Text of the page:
One - nutritionally, if your son is drinking most of his diet, his nutritional balance will be effected.  Milk is a wonderful food source, but it is not a complete source of nutrition.  I wonder if your child would eat better if he were not filling up on milk.  Fact is - too much milk can contribute to an anemia, as there is no iron in dairy products.  As far as your son's limited food selections are concerned - many toddlers and preschoolers do more grazing than real eating.  Many only eat 3-4 really good meals a week - and do fine.  Discuss with your child's doctor his growth, development, and nutritional needs. But I suspect that when the bottle is taken away - your son might eat better.  If he is still picky - usually a daily multivitamin containing iron can fill in any blanks. Again - I would suggest talking with your child's doctor.

Secondly - bottles, especially at bedtime, contribute greatly to "bottle caries" - meaning cavities resulting from the milk sitting on your child's teeth and then leading to tooth decay.  This can be major. I have had patients who require general anesthesia for severe cavities - resulting from nighttime bottles. So - I would encourage you to give this some thought.

Weaning from a bottle can be painful.  There is no doubt about that.  I would suggest going cold turkey - giving it to another
baby - or just removing it from the house.  Your son  will protest, for sure - but I am guessing not for long.  If he finds his thumb for a sucking substitute - I would much rather he use that over a bottle.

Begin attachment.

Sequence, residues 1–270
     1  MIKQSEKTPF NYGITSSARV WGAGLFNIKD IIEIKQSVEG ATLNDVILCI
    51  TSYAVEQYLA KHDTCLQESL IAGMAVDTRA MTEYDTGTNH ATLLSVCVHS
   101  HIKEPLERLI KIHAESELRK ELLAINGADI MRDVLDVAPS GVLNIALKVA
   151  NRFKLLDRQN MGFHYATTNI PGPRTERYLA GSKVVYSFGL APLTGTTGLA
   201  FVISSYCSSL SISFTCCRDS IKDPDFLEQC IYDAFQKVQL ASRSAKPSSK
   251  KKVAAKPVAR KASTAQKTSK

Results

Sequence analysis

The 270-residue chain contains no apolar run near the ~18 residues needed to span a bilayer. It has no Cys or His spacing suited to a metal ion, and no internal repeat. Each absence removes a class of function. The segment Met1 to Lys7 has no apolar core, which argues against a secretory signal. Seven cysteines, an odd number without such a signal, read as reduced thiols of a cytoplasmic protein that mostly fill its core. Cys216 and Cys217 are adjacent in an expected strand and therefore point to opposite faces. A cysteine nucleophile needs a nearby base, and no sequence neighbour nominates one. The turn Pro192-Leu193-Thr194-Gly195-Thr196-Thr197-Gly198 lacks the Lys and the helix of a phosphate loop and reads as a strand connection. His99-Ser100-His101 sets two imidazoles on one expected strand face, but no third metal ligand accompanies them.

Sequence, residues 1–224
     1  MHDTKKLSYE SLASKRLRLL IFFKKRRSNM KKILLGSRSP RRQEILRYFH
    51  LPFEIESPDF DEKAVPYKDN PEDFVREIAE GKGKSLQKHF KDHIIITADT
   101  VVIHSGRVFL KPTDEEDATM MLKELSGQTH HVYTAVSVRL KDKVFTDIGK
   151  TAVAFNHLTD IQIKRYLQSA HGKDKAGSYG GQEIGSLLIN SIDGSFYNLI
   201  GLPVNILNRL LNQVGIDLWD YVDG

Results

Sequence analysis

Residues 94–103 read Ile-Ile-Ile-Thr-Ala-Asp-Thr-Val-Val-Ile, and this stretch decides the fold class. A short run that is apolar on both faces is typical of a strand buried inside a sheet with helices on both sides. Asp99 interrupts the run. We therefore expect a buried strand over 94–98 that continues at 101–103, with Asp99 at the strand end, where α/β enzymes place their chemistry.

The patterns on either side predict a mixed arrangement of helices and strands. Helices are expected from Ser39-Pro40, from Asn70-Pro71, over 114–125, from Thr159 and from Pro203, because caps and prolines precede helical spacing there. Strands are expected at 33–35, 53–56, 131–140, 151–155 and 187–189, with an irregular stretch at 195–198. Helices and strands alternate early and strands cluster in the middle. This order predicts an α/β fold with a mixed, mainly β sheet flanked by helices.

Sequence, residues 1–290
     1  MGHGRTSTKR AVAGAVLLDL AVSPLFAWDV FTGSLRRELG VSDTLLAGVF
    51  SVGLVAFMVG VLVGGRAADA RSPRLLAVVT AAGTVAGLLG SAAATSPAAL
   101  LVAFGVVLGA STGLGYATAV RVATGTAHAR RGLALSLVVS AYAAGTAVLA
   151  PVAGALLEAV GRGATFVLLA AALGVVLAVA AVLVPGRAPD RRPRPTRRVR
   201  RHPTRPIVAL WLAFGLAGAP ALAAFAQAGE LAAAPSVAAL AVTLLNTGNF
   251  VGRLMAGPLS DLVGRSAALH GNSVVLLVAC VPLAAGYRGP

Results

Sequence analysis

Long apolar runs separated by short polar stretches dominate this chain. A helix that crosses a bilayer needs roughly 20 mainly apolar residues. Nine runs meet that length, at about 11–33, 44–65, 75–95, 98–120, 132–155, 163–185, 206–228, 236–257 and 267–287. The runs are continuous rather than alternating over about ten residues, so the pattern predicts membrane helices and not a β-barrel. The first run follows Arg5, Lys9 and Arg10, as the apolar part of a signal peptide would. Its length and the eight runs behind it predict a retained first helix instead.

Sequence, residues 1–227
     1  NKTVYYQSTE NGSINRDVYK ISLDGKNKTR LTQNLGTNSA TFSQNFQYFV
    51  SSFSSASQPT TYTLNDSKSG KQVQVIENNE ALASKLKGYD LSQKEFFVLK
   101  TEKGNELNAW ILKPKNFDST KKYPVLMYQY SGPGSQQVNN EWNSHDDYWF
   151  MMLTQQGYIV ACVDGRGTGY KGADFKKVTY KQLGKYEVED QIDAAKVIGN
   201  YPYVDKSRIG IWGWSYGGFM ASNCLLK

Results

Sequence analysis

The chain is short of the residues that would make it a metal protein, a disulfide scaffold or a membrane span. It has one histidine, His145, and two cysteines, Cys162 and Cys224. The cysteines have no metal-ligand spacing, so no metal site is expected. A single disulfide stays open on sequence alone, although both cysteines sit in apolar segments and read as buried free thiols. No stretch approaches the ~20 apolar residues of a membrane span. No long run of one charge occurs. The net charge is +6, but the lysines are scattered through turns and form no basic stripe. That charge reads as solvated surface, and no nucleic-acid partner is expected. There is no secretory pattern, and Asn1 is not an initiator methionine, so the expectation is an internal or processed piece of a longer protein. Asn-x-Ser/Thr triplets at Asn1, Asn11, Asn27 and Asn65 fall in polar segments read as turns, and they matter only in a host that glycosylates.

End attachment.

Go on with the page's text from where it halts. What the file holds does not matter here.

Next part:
Good luck - Hope this helps -  Dr. EV
4 Comments
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Avatar_n_tn
First thing is first.....don't blame your parenting techniques...parenting is a learning process...no one gets it right the first time around. My 3 yr old son still takes a bottle <only to bed>...my Dr has assured me this will not affect him negatively in the long run. Taking the bottle away from your son will not cause him to starve...on the contrary...with less milk in his stomach he should be more apt to eat foods. Try this approach.....fix him a square meal and place it in front of him. Let him eat what he chooses from the plate...and when he is finished...let him go. But do NOT offer him something else. He needs to learn that we eat what is put in front of us. YOU need to allow him to try new foods by cooking them for him and offering them to him. Again..if he doesn't eat them at first...don't lose hope.....many children learn to eat different foods over a long period of time. Good luck with your son .